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Customer Reviews: 5
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Henk "hgp_1" RSS Feed (Alexandria, VA United States)

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A Church in Search of Itself: Benedict XVI and the Battle for the Future
A Church in Search of Itself: Benedict XVI and the Battle for the Future
by Robert Blair Kaiser
Edition: Paperback
Price: $13.95
50 used & new from $0.14

5 of 20 people found the following review helpful
1.0 out of 5 stars Nothing new here, August 13, 2007
Kaiser correctly describes himself as a throwback to the 60's. He follows that latitudinarian ideology, but obviously not to its logical conclusion. This is because high school logic is too demanding for the fallen-away Jesuit. To call the views of the Curia 'dated' or backwards, is as the man with the plank in his eye pointing out another's eyelash--Kaiser only looks to the future through is own threadbare past. Some never grow up, and they end up looking like ridiculous old men.


Dionysos Rising: The Birth of Cultural Revolution Out of the Spirit of Music
Dionysos Rising: The Birth of Cultural Revolution Out of the Spirit of Music
by E. Michael Jones
Edition: Paperback
29 used & new from $23.68

11 of 13 people found the following review helpful
4.0 out of 5 stars Jones reaches...and grabs hold of some truths, November 10, 2004
The negative reviewers have a point; Jones' rough-and-ready version of history fails to fill in the gaps of the entire lives of his subjects. However, they too, in their lack of historical comprehension fail to see (the critical) something: that his basic theses, that these revolutionary men (the former reviewers do not even understand this _historical_ term!) had a profound effect on our culture, and were in turn profoundly affected by their vital deviancies, are correct. Shame on them for writing such poor reviews.


Beyond Belief: The Secret Gospel of Thomas
Beyond Belief: The Secret Gospel of Thomas
by Elaine Pagels
Edition: Hardcover
398 used & new from $0.01

10 of 23 people found the following review helpful
2.0 out of 5 stars personal, not systematic exegesis, January 25, 2004
Pagels' book is an almost-too-good representation of syncretist gnostic thought. The fact is, though, to understand the Idea or Essence in any system of thought, we must go to the doctors or epitomes of that creed. The proper study of this dualism, and its relation (anti-relation) to Christianity is to be found in, e.g., Manichaeism, Buddhism, Catharism. Dried-up popular and superficial creeds don't have the life in them that these more excellent (and demanding faiths) do. The proof is plain; each of these aforementioned movements has its Saints. Where, I might (unfairly) ask, are the martyrs, the living perfections of the New Age movement? One actually has to stifle his laughter; it (Gnosticism) will fade again, and return again; no matter. Pagels is no saint.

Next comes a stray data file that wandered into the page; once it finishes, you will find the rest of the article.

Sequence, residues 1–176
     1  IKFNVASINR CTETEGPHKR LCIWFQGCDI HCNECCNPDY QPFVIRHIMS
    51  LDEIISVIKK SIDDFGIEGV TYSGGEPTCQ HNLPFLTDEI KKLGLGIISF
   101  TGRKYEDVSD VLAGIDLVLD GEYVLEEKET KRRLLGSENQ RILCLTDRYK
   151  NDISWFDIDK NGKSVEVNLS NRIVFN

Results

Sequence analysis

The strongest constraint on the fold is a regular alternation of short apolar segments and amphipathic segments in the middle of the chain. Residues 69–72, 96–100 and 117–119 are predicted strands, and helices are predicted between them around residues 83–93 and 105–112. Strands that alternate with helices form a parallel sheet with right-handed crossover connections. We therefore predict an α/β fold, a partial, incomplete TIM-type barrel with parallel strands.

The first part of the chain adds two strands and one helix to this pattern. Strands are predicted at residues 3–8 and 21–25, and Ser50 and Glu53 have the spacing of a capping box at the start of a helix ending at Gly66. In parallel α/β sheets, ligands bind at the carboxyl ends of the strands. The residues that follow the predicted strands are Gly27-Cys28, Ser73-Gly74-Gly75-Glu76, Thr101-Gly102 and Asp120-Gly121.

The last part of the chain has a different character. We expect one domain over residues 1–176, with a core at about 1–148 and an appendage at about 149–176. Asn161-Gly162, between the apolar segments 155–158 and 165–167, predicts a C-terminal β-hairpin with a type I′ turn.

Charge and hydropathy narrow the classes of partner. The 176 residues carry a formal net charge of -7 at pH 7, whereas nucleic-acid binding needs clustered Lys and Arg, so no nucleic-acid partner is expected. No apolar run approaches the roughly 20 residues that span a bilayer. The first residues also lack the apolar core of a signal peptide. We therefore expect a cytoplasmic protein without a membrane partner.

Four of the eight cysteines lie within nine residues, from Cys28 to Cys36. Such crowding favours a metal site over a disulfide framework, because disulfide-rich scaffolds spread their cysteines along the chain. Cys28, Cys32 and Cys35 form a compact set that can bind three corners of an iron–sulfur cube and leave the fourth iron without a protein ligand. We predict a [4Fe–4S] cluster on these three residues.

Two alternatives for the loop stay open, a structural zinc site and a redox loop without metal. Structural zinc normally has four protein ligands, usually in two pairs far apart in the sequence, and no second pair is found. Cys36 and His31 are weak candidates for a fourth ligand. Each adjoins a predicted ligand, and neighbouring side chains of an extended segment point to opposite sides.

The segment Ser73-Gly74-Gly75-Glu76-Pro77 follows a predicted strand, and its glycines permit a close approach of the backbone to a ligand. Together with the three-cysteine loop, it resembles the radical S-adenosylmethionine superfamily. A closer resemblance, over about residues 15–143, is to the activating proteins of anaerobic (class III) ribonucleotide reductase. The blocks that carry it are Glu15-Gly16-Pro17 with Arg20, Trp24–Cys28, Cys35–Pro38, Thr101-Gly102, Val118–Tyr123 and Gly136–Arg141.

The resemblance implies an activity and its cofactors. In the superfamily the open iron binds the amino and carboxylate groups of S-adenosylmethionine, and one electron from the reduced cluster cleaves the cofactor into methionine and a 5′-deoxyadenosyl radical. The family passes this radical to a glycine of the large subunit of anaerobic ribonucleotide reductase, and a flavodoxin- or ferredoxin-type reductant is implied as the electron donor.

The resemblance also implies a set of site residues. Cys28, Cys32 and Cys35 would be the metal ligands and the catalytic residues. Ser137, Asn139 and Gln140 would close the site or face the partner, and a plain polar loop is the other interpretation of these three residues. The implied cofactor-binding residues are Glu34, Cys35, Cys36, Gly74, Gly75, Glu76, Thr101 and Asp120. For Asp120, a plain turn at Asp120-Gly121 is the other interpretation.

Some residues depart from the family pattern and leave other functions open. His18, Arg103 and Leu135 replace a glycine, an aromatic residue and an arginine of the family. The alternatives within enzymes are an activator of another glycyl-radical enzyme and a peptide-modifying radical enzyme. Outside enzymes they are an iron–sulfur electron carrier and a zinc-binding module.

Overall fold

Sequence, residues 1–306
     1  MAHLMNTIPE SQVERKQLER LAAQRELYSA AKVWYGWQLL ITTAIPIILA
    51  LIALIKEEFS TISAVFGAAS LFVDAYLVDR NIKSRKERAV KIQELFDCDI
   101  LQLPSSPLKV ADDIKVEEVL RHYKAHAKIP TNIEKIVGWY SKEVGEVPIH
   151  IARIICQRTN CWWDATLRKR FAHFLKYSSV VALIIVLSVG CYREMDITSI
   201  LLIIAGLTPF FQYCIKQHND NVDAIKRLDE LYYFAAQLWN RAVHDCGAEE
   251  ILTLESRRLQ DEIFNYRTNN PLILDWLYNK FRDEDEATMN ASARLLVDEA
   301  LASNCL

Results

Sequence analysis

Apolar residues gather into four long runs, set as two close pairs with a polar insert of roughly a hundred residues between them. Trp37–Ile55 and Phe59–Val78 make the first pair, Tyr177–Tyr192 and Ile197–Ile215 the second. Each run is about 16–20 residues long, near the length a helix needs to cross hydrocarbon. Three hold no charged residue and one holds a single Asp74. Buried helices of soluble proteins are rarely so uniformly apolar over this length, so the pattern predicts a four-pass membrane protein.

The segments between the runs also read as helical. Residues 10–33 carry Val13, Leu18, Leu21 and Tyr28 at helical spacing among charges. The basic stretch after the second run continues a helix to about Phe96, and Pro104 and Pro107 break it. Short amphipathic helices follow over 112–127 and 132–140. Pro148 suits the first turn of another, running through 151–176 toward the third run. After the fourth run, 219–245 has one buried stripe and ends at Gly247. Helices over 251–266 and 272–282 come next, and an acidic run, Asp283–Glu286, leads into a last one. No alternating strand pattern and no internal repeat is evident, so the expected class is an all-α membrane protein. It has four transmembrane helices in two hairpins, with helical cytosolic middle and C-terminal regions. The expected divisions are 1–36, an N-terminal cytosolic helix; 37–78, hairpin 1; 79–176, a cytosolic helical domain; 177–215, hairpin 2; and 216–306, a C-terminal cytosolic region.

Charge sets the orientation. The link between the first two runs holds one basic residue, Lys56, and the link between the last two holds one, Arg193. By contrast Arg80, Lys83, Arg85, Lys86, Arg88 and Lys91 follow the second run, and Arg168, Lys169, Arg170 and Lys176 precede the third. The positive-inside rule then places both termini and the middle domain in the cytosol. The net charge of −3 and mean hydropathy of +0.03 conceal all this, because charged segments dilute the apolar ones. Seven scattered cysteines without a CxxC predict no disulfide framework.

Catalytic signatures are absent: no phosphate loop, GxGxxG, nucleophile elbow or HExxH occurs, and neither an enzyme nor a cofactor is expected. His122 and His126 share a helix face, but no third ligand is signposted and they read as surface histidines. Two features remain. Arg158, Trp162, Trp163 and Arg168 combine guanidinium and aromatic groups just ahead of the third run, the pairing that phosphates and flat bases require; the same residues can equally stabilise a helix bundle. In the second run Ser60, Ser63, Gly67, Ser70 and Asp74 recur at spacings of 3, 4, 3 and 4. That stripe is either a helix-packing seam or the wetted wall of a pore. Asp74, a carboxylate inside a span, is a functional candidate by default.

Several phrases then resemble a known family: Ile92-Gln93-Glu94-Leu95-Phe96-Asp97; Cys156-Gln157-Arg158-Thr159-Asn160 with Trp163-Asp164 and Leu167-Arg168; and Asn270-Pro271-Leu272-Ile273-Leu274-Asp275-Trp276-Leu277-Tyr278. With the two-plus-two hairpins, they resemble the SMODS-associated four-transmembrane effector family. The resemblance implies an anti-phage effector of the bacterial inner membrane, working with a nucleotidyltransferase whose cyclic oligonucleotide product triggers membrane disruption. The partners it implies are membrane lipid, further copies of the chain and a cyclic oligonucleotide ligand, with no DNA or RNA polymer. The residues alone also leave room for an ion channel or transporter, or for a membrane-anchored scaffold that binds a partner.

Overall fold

Consciousness Explained
Consciousness Explained
by Daniel C. Dennett
Edition: Paperback
Price: $12.04
217 used & new from $0.86

4 of 18 people found the following review helpful
1.0 out of 5 stars Amateurish Attempt, January 14, 2002
Weiner's book is not a mature exposition of a theory, it is a bit of popular banter whose underlying logic is imperfect.
Perhaps we may begin with a quote which every budding researcher might like to learn:
"The more I try to apply the methods of theoretical physics to computer science, the more I find that computer science is not theoretical physics."
Basic to epistemology are the concepts of, well, concept, analogy, reduction, comprehension, to name a few. Weiner proves he has a cocktail-party mastery of analogy. He means to put forth a metaphysical theory (materialism) of consciousness, but without any clear reference to the above "delimiters" (to borrow a prase from computer science!). I must criticize any such attempt to study consciousness as immature; it boarders on demagogy.
Based on this book, I would not recommend anyone to attend Tufts if he be interested in the "Cognitive Sciences."


Consciousness Explained
Consciousness Explained
by Daniel C. Dennett
Edition: Paperback
Price: $12.04
217 used & new from $0.86

5 of 31 people found the following review helpful
1.0 out of 5 stars Amateurish Attempt, January 14, 2002
Weiner's book is not a mature exposition of a theory, it is a bit of popular banter whose underlying logic is imperfect.
Perhaps we may begin with a quote which every budding researcher might like to learn:
"The more I try to apply the methods of theoretical physics to computer science, the more I find that computer science is not theoretical physics."
Basic to epistemology are the concepts of, well, concept, analogy, reduction, comprehension, to name a few. Weiner proves he has a cocktail-party mastery of analogy. He means to put forth a metaphysical theory (materialism) of consciousness, but without any clear reference to the above "delimiters" (to borrow a prase from computer science!). I must criticize any such attempt to study consciousness as immature; it boarders on demagogy.
Based on this book, I would not recommend anyone to attend Tufts if he be interested in the "Cognitive Sciences."


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